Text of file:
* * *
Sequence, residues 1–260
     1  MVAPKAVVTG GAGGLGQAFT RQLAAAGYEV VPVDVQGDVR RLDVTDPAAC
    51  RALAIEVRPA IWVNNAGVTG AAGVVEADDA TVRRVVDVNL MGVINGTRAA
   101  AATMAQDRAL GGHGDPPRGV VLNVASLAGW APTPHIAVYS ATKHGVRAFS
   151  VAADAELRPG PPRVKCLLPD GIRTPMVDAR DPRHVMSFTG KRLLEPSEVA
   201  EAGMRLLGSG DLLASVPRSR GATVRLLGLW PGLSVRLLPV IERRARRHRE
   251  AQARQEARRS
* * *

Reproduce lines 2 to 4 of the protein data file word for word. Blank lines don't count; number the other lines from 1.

     1  MVAPKAVVTG GAGGLGQAFT RQLAAAGYEV VPVDVQGDVR RLDVTDPAAC
    51  RALAIEVRPA IWVNNAGVTG AAGVVEADDA TVRRVVDVNL MGVINGTRAA
   101  AATMAQDRAL GGHGDPPRGV VLNVASLAGW APTPHIAVYS ATKHGVRAFS